The pilots behind the robot navy

The pilots behind the robot navy


The machines that are fighting the Gulf of Mexico oil leak have been compared to platoons of Supermen: They work 5,000 feet beneath the surface of the sea, amid pressures that would crush a human. They're built to capture 3-D video of the scene around the gushing well and send it up topside. They can detect objects hundreds of feet away using sonar. They can turn bolts, saw off broken pipe, hook up hoses and carry around equipment weighing hundreds of pounds.

But they're just machines.

Those dozens of machines would be useless without the hundreds of humans controlling their every move from a mile away. And if you want to stay on their good side, you'll call those machines "remotely operated vehicles," or ROVs - not underwater robots.

"To me, as an ROV person, the term 'underwater robot' does conjure up a certain image," said James McLauchlan, a Briton living in Portugal who has 25 years of experience in the offshore subsea construction industry under his belt. "I tend to think of something with a head, two legs and two arms ... something that's down there trying to make its own decisions, trying to make the best of a difficult job."

The way McLauchlan sees it, the ROV is just a tool - a multimillion-dollar, high-tech tool, to be sure, but nevertheless a tool that's being manipulated by flesh-and-blood professionals, via a local control center on the vessel or rig above, to help save the world from an environmental disaster.

McLauchlan isn't involved in the BP subsea operation, but he keeps close tabs on it in his role as the head of ROV World, a website that serves as an online watering hole for the ROV community. His company also supplies subsea technology and performs underwater inspections for offshore operations. A veteran of the British Army's Royal Engineers, McLauchlan spent 10 years as a commercial bell diver for the oil and gas industry, and for most of the past 15 years he's been a shift operation supervisor for offshore ROV construction projects.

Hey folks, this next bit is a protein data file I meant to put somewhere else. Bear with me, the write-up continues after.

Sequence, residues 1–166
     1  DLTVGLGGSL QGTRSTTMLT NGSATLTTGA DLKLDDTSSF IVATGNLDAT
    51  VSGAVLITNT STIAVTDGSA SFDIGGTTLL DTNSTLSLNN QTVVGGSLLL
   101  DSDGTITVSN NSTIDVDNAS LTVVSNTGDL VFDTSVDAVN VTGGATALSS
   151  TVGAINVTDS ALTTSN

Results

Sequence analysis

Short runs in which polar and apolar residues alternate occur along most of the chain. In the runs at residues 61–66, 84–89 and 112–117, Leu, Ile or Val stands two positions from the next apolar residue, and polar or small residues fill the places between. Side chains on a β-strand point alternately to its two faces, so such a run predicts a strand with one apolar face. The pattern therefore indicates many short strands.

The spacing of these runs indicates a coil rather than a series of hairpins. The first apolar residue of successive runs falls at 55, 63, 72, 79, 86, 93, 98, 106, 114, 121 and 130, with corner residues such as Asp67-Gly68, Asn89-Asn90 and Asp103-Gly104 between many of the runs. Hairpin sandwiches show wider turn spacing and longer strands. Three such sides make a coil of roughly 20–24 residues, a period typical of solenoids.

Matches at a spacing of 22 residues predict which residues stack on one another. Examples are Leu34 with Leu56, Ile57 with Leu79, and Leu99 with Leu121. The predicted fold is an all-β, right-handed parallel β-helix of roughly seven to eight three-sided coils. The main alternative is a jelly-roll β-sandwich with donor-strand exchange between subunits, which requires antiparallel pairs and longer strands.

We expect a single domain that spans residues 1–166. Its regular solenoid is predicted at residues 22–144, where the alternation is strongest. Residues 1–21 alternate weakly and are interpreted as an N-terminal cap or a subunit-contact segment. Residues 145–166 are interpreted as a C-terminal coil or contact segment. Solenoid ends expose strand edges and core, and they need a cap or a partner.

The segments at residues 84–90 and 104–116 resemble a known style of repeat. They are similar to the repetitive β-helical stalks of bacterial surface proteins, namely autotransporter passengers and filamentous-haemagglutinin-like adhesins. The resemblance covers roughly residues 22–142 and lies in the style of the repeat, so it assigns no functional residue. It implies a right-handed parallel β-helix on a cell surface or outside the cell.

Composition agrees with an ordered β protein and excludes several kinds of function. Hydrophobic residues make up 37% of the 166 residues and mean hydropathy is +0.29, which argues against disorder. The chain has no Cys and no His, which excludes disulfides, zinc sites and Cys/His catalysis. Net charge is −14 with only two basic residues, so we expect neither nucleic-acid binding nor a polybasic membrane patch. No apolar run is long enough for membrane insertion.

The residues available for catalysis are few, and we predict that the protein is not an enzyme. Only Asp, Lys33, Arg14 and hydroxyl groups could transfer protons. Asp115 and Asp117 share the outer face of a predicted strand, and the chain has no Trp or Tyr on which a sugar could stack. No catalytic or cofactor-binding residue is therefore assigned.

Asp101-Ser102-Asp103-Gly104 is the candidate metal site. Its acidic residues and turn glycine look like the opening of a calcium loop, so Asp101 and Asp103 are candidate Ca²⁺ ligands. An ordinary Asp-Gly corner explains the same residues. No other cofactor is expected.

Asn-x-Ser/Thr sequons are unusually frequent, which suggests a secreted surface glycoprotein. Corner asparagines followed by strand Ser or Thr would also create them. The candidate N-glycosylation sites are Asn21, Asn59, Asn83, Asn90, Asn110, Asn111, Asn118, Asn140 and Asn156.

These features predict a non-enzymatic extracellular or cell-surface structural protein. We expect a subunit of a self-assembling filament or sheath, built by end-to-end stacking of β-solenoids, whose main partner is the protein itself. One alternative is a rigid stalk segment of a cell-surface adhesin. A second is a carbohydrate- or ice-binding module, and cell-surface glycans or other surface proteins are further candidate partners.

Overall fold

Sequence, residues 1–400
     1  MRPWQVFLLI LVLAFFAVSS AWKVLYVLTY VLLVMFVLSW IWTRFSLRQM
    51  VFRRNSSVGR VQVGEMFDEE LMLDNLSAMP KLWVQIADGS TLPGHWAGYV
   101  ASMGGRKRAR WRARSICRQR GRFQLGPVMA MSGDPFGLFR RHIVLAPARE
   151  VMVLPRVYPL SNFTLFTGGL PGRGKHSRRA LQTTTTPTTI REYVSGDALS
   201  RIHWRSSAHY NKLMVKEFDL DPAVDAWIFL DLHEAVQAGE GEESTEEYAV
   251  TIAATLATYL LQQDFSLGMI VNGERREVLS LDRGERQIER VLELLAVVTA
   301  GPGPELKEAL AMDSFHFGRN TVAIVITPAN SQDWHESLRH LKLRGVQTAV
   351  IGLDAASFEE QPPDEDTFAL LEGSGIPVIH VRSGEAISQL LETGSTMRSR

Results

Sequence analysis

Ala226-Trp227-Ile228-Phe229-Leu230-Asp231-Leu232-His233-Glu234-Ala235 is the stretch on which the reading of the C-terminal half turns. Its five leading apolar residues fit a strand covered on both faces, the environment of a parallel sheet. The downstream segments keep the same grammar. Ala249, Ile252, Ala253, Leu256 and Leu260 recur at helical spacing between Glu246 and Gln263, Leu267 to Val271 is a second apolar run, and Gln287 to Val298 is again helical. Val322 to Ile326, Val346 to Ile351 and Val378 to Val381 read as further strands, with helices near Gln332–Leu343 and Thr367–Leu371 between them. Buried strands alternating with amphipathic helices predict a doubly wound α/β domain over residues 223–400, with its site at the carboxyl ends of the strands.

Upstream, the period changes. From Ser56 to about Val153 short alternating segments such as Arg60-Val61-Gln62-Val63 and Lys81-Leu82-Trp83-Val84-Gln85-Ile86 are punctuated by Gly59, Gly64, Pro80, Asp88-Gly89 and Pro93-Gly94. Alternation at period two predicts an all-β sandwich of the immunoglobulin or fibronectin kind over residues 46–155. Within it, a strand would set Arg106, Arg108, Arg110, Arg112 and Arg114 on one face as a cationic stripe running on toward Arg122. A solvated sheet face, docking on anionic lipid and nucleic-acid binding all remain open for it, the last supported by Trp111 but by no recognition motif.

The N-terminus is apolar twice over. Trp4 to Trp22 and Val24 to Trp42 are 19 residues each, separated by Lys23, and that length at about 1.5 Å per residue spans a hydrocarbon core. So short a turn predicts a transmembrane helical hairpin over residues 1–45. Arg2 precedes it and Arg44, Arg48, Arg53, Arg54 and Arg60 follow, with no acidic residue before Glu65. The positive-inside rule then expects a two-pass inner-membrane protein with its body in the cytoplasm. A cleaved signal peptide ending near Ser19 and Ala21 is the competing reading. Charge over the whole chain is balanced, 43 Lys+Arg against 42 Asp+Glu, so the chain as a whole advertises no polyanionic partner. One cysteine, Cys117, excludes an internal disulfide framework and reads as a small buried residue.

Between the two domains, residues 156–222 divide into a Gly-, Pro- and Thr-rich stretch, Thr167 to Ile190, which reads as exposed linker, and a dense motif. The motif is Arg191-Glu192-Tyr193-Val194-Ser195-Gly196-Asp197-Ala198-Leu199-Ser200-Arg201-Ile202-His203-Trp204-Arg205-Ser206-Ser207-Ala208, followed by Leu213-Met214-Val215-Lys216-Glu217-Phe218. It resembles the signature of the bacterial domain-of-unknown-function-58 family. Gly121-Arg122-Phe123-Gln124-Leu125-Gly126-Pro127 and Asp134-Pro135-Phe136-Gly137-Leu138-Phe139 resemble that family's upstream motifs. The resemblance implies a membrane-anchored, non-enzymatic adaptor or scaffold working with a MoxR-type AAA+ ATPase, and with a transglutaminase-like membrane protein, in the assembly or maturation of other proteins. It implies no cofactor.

Nowadays, much of the chatter on ROV World focuses on what the workers behind the machines are doing in the Gulf. ROV pilots have been trading news and rumors, pictures and points of view since just after the April 20 oil-rig explosion that sparked the disaster in the Gulf.

As you'd expect, most of the postings see the situation through the eyes of the men behind the joysticks. For example, BP interrupted the collection of thousands of barrels of oil last week because of problems with a line leading up from the leaking well's containment cap. Coast Guard Adm. Thad Allen, the federal government's point man on the oil-spill response, said the problem arose because an ROV bumped into the cap - but not all of ROV World's patrons were buying that explanation.

"Let me guess - Thad Allen again?" one posting read. "Meanwhile, back in the real world, Enterprise had gas alarms and moved off 400 meters, resulting in cap moving 40 meters off the BOP [blowout preventer]."

During our conversation, McLauchlan stressed that the pilots are careful to execute only the commands they are given, under the watchful eyes of supervisors and clients.

"The fact that the well is not good, and that BP has lost control of it, that's self-evident," McLauchlan told me. "That doesn't really detract from subsea operations. ... Whether there's a well that is out of control, or whether a well is in normal operation, we carry out operations as suggested by the client. We provide the eyes and the ears for the client, but at the end of the day, it's the client who decides what action should be taken."

McLauchlan estimated that more than 97 percent of the world's ROV pilot techs are male. For the Gulf of Mexico operation, ROV crews are housed for weeks at a time aboard the dozens of vessels and rigs surrounding the leaking well. Each crew works a 12-hour shift, finishing up with "toolbox time" to brief the crew taking over for the next 12-hour shift. In an on-the-scene report from one of the drillships, The Washington Post's Joel Achenbach notes that workers can take advantage of workout rooms, foosball tables, video games, TV and Internet during their off hours. But drinking and "horseplay" are not allowed.

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